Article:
Electrofuels are increasingly considered as a viable option for decarbonising transport. But what exactly are electrofuels and how effective are they at reducing greenhouse gas emissions in transport?
Also known as e-fuels, electrofuels are carbon-based fuels produced from carbon dioxide (CO2) and water using renewable electricity as the primary source of energy. They can be gas e.g. methane, or liquid. The most common electrofuels include butanol, iso-octane, octanol, bio-Diesel and bio-jet. Electrofuels are used in internal combustion engines. As pressure mounts to reduce carbon emissions in transport, electrofuels are increasingly being considered as one of the 3 viable roots for decarbonising transport, alongside electric vehicles and hydrogen powered vehicles.
When considering the future sustainability of mass transport, it is important to take a circular economy perspective. This requires us to look at the whole lifecycle emissions of future vehicles, including the production, use and end-of-life phases of a vehicle’s life. When looked at from a whole lifecycle perspective, electrofuels compare favourably with pure battery electric propulsion for many passenger car applications.
When it comes to commercial vehicles, aerospace and large marine transport, battery electric technologies need to increase energy density by a factor of approximately 50 over today’s levels before becoming potentially viable.For these heavy duty, long range modes of transport, electrofuels may well provide the most attractive route to decarbonisation.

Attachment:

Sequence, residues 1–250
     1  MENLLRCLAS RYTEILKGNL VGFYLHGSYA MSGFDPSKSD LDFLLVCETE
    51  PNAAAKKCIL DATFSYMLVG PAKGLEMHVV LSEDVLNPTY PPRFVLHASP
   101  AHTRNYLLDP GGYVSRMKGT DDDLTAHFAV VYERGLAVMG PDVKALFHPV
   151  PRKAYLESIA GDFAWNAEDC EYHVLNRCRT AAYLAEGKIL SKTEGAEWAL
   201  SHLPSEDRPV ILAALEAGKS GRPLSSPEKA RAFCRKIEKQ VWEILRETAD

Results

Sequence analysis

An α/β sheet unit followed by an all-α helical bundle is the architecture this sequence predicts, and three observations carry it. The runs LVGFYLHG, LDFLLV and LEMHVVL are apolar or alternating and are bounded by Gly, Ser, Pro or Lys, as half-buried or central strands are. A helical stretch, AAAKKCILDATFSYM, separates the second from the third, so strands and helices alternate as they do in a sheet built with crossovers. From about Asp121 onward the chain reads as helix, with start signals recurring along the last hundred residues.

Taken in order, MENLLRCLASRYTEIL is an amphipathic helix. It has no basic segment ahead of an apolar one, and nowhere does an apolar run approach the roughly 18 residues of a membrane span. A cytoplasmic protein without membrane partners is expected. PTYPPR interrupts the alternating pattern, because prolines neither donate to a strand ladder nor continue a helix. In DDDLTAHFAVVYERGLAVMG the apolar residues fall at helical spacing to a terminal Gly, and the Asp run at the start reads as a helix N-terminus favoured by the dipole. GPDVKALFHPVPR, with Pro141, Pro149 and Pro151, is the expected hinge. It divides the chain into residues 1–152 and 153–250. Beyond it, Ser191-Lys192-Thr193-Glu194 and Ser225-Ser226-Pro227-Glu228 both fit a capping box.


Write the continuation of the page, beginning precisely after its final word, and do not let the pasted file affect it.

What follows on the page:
The Role of the Government
When assessing the viability of electrofuels, the role of the government policy is vital. Commercialisation of electrofuels in volume will require substantial investment in new production capacity. With manufacturing costs of electrofuels unlikely to fall to the levels of fossil fuels, investors will require stable, supportive government policies before the risk of such investments could be justified.. If electrofuels are to have a place in creating low-carbon transport across Europe, intervention from the government is crucial.
Currently, electrofuel production costs are high, and it’s unlikely they’ll ever match or beat the costs of fossil fuels this side of 2050. Experts also estimate that electrofuels are unlikely to directly compete against advanced biofuels on a cost basis within the next 10 years. Indeed, renewable energy targets set for 2030 are currently unlikely to be achieved from significant electrofuels contribution, although there’s scope for this situation to change under the Renewable Energy Directive.
Weighing up the costs and benefits is always a factor when developing performance fuels, and this is certainly the case when it comes to electrofuels. Experts believe that with the right long-term regulatory framework, investment and production incentives, there is no reason why an effective electrofuel industry cannot be developed. However, policymakers will need to take the time to consider how much a role they want electrofuels to play in transport decarbonisation. They will also need to assess how much they are willing to pay for this contribution and when they believe electrofuels can start to make a difference to a low-carbon transport industry. Crucially, decision-makers will need to better understand the optimum blend of battery electric power, electro-fuels and hydrogen power for decarbonisation. All will require multi-billion-euro levels of investment if mass market adoption and transport decarbonisation are to be realised. As of today, experts do not yet observe policy maker actively considering the optimum combination of battery electric power, electro-fuels and hydrogen power for transport, nor how to achieve it.